First published in 1953, the year that saw thousands descend on London to watch the coronation of Queen Elizabeth II, London A to Z is a lexicon of the city’s curiosities, from the Achilles statue in Hyde Park “erected by the women of England to honor (if not to resemble) the Duke of Wellington,” via greyhound racing, lost property offices, and umbrellas, to zebra crossings (relative newcomers to London in 1953). Adorned throughout with Edward Bawden’s beautiful and distinctive illustrations, this charmingly idiosyncratic guide brings to life with a dry humor the London and Londoners of the day.
More than sixty years have passed since the volume was first published and while many sights are now lost to time, readers may be surprised to find how this vintage guide continues to capture London’s quirks. A new introduction places the original publication in context, drawing the reader into 1950s London via a brief tour of the book’s most curious, nostalgic, and whimsical entries.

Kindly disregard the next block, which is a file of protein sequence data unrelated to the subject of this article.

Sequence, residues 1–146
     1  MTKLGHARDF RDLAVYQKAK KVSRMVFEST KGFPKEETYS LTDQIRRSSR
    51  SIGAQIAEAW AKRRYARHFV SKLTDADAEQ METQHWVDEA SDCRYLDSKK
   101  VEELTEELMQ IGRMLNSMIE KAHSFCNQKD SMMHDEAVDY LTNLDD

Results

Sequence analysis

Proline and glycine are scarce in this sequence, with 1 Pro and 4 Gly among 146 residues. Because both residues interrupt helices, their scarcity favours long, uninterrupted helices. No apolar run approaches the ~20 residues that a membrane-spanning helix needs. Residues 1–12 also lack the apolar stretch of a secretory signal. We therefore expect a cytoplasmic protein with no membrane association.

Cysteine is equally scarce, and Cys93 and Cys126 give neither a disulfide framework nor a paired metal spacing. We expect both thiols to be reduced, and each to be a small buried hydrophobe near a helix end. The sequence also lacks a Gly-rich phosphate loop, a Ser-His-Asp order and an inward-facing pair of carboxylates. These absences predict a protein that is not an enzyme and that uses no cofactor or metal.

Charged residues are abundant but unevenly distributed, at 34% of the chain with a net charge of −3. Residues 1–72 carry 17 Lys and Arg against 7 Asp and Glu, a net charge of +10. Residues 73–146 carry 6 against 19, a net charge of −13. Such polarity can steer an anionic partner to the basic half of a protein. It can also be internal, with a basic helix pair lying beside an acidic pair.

More than 60 years after the coronation of Queen Elizabeth II brought droves of visitors to London, this whimsical guide to the city and its inhabitants is rereleased to celebrate the queen’s 90th year. Writer Peyton Skipworth [contributes a] new introduction [and] discusses what and who is still standing.
— Library Journal
Edward Bawden (1903–1989) was an illustrator and printmaker. He illustrated scores of books and exhibited regularly at the Royal Academy, the Leicester Galleries, and at The Fine Are Society.
Peyton Skipwith is the author of a dozen books. He is also a regular contributor to Country Life, Apollo, and the Literary Review.